The dramatic situation in the US labour market is not yet in sight due to the ongoing Corona crisis. Since March, more than 33 million people in the US have lost their jobs – more than ever before in such a short time.
Today (2.30pm AEST), the US Department of Labor is once again publishing the weekly number of new first-time applications for unemployment benefits. Experts expect the coronavirus pandemic to further increase unemployment in the world’s largest economy.
The new figures will show initial applications for unemployment benefits in the week to and including 9 May. Analysts expected an increase of about 2 to 3 million new applications. In the previous week, there had been 3.2 million new applications. Before the Corona crisis, initial applications had mostly been below 100,000 per week. The applications are seen as a reliable indicator of the short-term development of the US labour market.
The U.S. unemployment rate was 14.7 percent in April. However, due to errors in the collection of the data, the competent authority warned that the rate is already likely to be around 20 percent. This is the most dramatic situation on the labour market since the Second World War. Before the spike in the coronavirus pandemic in the US, the unemployment rate was still at an extremely low 3.5 percent.
As a result of the pandemic, most US states had imposed strict curfews, forcing many shops, factories, and restaurants to close. Since the beginning of the month, many states have relaxed the restrictions again – although the pandemic still seems far from under control in many parts of the country. However, the easing is expected to have a positive impact on the labour market.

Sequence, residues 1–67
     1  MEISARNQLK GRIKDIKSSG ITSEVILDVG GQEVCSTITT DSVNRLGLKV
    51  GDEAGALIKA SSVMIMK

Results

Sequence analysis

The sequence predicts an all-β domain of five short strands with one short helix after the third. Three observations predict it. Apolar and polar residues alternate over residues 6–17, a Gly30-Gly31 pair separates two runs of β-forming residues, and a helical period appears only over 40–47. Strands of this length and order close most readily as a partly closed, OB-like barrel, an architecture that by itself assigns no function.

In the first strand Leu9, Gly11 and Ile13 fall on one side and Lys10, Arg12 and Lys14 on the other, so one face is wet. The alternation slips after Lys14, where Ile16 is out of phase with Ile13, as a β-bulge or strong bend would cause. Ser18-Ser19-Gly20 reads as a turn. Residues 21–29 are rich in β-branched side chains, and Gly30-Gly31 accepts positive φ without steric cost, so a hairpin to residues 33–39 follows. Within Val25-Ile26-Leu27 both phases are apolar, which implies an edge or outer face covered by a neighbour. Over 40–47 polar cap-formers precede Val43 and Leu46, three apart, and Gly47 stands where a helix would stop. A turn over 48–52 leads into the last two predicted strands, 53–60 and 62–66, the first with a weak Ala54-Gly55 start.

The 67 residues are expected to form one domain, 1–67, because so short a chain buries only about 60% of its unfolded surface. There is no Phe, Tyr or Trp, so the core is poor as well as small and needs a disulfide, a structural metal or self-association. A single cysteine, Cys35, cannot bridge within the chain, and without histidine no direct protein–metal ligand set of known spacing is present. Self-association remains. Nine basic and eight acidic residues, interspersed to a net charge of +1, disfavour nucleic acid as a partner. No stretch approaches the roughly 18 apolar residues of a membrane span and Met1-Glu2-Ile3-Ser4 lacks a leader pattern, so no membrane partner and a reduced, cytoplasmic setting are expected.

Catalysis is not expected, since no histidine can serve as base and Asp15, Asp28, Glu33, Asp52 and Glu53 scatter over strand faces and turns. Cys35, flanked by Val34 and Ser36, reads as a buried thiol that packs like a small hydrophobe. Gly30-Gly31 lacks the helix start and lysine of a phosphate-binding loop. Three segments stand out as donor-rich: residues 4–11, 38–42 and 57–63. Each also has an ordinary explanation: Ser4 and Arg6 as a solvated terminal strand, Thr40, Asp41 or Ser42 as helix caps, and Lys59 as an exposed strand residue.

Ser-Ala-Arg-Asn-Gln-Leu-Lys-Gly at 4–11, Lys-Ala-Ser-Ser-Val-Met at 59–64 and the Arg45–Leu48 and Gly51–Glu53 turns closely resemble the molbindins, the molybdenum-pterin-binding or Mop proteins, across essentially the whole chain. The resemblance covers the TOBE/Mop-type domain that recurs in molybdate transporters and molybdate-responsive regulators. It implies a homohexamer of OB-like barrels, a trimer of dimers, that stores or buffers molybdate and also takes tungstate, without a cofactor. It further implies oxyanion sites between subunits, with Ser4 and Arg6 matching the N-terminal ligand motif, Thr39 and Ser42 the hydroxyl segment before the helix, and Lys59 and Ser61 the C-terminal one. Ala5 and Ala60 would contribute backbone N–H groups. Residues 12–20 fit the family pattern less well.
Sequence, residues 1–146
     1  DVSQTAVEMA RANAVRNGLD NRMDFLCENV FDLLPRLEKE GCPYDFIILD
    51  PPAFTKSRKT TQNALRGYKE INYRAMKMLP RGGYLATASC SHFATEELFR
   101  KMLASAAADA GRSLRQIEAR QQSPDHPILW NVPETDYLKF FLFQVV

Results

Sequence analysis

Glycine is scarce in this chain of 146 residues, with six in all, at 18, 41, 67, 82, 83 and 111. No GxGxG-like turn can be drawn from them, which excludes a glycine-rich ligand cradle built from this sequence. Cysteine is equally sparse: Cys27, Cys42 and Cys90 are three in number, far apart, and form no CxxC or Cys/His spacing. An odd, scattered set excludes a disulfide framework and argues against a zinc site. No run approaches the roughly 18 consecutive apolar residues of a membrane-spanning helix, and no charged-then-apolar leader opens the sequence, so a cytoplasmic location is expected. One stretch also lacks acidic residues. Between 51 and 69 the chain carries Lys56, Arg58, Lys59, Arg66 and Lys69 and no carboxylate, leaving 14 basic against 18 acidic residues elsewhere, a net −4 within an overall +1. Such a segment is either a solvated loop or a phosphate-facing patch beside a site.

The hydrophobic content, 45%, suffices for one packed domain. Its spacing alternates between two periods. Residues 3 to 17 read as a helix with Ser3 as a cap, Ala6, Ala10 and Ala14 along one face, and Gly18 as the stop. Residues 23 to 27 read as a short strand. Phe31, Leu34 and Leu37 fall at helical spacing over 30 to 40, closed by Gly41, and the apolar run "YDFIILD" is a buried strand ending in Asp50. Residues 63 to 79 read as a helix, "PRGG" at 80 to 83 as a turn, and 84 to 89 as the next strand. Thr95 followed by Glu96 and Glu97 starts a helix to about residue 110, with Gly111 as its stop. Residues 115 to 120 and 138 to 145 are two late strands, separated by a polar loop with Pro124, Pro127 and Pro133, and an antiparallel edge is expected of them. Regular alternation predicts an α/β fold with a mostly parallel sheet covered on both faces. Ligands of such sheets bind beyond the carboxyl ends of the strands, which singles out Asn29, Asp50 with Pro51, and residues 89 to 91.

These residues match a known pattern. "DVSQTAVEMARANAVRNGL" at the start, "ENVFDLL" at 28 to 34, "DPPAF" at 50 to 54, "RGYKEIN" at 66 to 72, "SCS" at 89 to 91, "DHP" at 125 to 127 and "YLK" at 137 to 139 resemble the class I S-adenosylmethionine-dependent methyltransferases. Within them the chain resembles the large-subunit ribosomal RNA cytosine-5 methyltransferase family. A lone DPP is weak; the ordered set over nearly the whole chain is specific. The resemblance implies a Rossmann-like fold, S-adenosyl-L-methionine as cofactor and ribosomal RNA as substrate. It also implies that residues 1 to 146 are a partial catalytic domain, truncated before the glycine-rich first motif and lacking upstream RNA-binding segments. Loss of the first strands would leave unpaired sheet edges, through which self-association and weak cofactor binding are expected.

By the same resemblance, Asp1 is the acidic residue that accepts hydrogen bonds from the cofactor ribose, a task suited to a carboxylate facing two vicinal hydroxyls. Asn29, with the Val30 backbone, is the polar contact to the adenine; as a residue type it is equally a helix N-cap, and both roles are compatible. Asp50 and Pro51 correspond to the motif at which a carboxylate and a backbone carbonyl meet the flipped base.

In the face of the crisis since the end of March, the government and Congress have launched huge stimulus packages to pump about ‘2.7 trillion dollars into the ailing economy. House Democrats plan to launch another stimulus package of about 3 trillion dollars this week. However, its implementation did not seem likely, because the Republican majority in the Senate opposed it.
By February, the U.S. economy had been still buzzing, the stock market had reported highs, and experts were expecting economic growth of just over 2 percent. But the rapid spread of the coronavirus since the beginning of March has soured the good economic outlook – now the US is heading for a deep recession because of the Corona crisis. That comes as a far-off for President Donald Trump, who is running for a second term in the upcoming presidential election in November.
In the US, data from the University of Johns Hopkins had confirmed around 1.4 million infections with the novel coronavirus Sars-CoV-2 by Wednesday evening (local time). Around 84,000 people died as a result of infection.